Most people are familiar with picture books that are aimed at our youngest readers where the artwork is very much a part of the storytelling. These books use basic language to help children develop early reading skills. The pictures provide the action and visual cues that move the story forward. The illustrators creatively use various art mediums to bring life to the words on the page.
This method of storytelling is, also, effectively used in children's biographies. Many authors and illustrators have written exciting, beautiful stories of famous people. These picture book biographies are suited for elementary school children who have a writing assignment or just want to learn about someone. The pictures artfully depict the adventures and heroism of some of our most influential people.
School-aged children should try these books to spark their curiosity or for the next time they have a report due.
September is a big, big month for two very important names in children's literature.
First off we have Roald Dahl, Author of Charlie and the Chocolate Factory, Matilda, The BFG, and the list goes on.
Roald Dahl's portrait by Quentin Blake, illustrator of Dahl's books.
September 13, 2016 would mark the 100th birthday of the author who penned over 20 children's books. Several went on to become movies, stage plays, operas, movies again, you name it!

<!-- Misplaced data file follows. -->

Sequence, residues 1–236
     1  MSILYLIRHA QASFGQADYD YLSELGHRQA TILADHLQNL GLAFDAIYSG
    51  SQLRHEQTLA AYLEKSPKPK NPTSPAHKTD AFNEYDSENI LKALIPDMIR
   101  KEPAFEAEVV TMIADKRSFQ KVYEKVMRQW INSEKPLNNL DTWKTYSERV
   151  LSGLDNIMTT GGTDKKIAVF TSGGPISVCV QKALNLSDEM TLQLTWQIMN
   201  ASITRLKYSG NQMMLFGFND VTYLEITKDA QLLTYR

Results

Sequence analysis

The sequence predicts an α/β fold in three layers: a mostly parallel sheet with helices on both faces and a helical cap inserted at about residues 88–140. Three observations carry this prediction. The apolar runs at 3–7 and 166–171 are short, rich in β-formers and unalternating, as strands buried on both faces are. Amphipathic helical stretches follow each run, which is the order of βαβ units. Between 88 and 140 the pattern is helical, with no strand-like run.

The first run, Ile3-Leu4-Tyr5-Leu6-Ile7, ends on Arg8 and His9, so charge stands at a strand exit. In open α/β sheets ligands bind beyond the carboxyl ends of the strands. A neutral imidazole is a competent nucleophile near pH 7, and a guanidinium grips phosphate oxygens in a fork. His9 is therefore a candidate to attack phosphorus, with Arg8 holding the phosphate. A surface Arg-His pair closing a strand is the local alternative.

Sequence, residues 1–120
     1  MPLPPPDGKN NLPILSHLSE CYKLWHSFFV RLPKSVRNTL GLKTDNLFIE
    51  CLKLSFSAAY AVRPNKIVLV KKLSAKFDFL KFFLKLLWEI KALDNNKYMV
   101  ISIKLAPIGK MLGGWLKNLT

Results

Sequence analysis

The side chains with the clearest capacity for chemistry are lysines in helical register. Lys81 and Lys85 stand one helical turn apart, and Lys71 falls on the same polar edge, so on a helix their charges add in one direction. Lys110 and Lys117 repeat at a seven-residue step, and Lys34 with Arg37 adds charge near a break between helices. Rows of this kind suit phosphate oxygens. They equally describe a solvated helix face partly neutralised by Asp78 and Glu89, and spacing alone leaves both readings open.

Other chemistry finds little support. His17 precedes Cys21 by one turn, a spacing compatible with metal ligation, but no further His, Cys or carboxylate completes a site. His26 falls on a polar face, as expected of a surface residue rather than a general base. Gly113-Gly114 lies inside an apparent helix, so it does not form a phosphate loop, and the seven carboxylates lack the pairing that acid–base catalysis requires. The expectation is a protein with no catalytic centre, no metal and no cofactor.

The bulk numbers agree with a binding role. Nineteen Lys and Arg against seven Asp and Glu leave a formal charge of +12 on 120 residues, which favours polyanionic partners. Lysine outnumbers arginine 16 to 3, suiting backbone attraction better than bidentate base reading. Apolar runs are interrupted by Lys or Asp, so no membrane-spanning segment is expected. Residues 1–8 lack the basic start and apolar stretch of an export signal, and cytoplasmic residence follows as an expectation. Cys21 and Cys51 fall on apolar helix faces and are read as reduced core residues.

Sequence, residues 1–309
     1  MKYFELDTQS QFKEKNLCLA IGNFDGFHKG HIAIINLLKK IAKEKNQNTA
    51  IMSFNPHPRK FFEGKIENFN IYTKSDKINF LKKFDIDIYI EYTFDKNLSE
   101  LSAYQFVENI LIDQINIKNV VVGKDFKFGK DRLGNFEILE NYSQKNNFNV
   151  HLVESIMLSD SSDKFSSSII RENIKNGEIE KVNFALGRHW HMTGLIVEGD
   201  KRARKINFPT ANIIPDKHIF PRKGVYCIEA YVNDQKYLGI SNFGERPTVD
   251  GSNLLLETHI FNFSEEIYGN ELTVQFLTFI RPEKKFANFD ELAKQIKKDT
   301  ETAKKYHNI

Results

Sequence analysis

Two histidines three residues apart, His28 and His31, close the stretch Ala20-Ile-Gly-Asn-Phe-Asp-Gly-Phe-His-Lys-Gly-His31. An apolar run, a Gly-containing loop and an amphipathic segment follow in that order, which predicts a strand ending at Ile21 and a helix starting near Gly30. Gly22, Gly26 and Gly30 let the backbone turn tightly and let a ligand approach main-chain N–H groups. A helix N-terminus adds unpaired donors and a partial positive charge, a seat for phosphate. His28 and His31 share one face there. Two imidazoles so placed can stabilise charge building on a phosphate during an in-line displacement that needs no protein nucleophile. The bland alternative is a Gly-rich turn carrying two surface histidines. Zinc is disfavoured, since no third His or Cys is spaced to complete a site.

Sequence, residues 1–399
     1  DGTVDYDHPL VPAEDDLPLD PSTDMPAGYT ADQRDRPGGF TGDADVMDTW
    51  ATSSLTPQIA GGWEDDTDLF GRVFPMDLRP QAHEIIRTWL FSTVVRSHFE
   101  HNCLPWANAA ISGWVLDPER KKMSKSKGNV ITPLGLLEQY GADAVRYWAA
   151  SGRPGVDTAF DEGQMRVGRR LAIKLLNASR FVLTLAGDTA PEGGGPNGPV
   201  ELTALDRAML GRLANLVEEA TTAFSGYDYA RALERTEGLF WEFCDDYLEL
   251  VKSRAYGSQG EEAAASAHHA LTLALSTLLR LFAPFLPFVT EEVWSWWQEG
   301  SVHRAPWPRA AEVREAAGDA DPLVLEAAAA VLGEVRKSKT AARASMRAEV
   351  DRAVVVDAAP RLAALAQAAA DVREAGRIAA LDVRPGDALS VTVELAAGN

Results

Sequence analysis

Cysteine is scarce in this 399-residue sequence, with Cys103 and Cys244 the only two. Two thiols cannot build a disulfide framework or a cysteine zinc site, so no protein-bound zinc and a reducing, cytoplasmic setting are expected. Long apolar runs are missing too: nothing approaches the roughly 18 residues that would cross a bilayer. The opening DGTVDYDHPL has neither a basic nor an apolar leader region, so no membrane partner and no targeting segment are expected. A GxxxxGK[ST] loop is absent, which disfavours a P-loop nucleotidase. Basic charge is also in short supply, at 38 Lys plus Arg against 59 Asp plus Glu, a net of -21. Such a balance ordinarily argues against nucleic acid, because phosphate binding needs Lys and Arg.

Dahl also invented a language called: Gobblefunk. Syosset Library will soon be adding to our shelves a Dahl Dictionary if you are so inclined to study this language.
Our second big Birthday is for everyone's favorite little monkey, Curious George who turns 75 this year.
He looks good for his age!
While George is one of the best known characters in Children's Literature, he was actually the "break out" character in an earlier book of H.A. Rey's. Cecily G. and the Nine Monkey's. Cecily was a giraffe -- that's where her surname initial derives -- and George was actually known as Fifi in this first book. In fact, George isn't known as "George" in every country. In Denmark he is "Peter Pedal", and "Hitomane Kozaru" in Japan, for instance. Actually, his English name was almost NOT George as it was thought it might be offensive to name him after the sitting King of English at the time of publication.
So there was a time when we could have been celebrating 75 years of Curious Zozo. I believe George has a much better ring to it.